Image: Lightning strike
A video camera captures a bolt of lightning hitting the protective mast on the shuttle Endeavour's service structure Friday night at Launch Pad 39A at NASA's Kennedy Space Center in Florida.
updated 7/11/2009 12:46:49 PM ET 2009-07-11T16:46:49

The oft-delayed space shuttle Endeavour will have to wait at least one more day to launch while NASA investigates whether lightning strikes near the launch pad on Friday caused any damage.

No positive signs of harm to Endeavour have yet been found from the violent lightning storm Friday afternoon, but mission managers on Saturday called for a 24-hour delay to investigate before resuming the countdown to liftoff.

"We need to be 100 percent confident that we have a good system across the board," Mike Moses, Endeavour's mission management team chairman, said during a news briefing. "We've seen nothing so far that indicates anything was actually affected by the lightning strike. But we have to check, and that's what takes time."

Thunderstorms have lately plagued the seaside region of Kennedy Space Center here, and sensors counted 11 lightning strikes within about 0.3 miles (500 meters) of Endeavour's perch on Launch Pad 39A Friday.

Although no lightning directly impacted the orbiter, fuel tank or solid rocket boosters, a near enough strike could have induced a strong current disabling the sensitive electronics in the orbiter, or the pyrotechnics in the boosters.

Weather improving
"The concern is mostly in those pyrotechnic systems," Moses said. "There's a lot of things that have to go right. That's why we need to double-check everything."

Mission managers hope an extra day will be enough time to give Endeavour a thorough checkout.

"I have high confidence we'll get there in 24 hours, but I certainly cannot guarantee it," Moses said.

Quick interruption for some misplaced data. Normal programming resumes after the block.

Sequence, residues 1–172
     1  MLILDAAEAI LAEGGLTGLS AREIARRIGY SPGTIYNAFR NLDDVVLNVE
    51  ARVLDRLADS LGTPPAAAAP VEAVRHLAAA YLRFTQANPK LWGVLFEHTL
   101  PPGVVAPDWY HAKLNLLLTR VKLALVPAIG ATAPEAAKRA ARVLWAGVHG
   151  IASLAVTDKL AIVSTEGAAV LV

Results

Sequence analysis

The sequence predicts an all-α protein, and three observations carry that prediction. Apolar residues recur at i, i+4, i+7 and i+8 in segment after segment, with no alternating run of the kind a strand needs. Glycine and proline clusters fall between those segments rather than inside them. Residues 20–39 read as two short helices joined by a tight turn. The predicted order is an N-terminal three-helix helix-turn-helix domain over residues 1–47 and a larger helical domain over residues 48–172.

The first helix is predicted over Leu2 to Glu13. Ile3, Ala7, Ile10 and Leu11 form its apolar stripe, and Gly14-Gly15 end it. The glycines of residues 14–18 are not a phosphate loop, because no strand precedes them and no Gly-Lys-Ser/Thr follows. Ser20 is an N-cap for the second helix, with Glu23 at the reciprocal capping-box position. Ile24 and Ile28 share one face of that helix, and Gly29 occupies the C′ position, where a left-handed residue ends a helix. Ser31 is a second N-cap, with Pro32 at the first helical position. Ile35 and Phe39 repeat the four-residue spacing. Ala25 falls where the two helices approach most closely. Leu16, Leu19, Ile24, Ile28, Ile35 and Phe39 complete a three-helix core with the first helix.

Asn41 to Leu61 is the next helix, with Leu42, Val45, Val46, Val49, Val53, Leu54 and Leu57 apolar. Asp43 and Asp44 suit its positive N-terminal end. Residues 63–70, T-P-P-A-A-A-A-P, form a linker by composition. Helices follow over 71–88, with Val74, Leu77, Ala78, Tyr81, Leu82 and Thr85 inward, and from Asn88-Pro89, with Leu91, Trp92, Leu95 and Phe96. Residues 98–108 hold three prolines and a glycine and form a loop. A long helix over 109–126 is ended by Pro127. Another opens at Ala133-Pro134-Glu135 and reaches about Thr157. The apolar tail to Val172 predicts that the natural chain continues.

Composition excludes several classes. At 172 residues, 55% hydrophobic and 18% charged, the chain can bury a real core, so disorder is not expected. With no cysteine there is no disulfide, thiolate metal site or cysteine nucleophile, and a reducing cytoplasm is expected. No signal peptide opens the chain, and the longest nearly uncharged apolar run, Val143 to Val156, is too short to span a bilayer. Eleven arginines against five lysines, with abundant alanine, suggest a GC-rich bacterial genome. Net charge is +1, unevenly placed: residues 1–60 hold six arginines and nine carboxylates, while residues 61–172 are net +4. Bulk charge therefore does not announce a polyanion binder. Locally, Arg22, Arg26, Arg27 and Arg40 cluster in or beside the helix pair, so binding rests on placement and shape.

If no serious signs of damage are found, Endeavour could try to launch again as early as Sunday at 7:13 p.m. ET on its planned 16-day construction mission to the international space station. The weather outlook is slightly better for Sunday than it was Saturday, with a 60 percent chance of favorable conditions expected.

Repeated delays
Endeavour's STS-127 mission had already been held on the ground for weeks after a persistent leak of gaseous hydrogen twice prevented the shuttle from lifting off. NASA says the leak, a potentially dangerous gas flow from a vent pipe leading off the vehicle's 15-story external tank, has been fixed.

Slideshow: Month in Space After a thorough investigation, ground crews traced the problem to a misaligned plate on the tank. NASA repaired the plate and successfully tested the system last week. Mission managers say they're confident the issue won't pose a problem anymore.

Commanded by veteran shuttle flier Mark Polansky, Endeavour's STS-127 mission will launch toward the space station carrying vital spare parts and a Japanese-built porch for the outpost's massive Kibo laboratory. The marathon mission will also ferry rookie NASA astronaut Tom Kopra to the station to replace Japanese astronaut Koichi Wakata, who has lived aboard the orbiting lab since late March. Wakata is Japan's first long-duration astronaut and has watched over his country's $1 billion Kibo laboratory at the station.

Set to launch spaceward aboard Endeavour with Polansky and Kopra are STS-127 pilot Doug Hurley and mission specialists Chris Cassidy, Julie Payette, Tom Marshburn and Dave Wolf. Payette represents the Canadian Space Agency, while the rest are NASA astronauts. Five spacewalks are planned.

Kopra is beginning a three-month mission to the space station as a flight engineer on the outpost's six-man Expedition 20 crew. He will join two Russians, another American and astronauts from Belgium and Canada on what is the station's first full six-person crew.

Endeavour's 16-day mission will mark NASA's third shuttle flight of the year and the second space station construction flight of 2009. (The most recent flight was devoted to upgrading the Hubble Space Telescope one last time.)

If Endeavour is unable to launch Sunday, a third attempt is possible on Monday, with a 70 percent chance of good weather. As the situation stands now, NASA has until Tuesday to launch the shuttle before standing down to allow avoid a traffic conflict with an unmanned Russian cargo ship also due at the space station this month. If the mission is unable to launch by then, NASA can try again on July 27.

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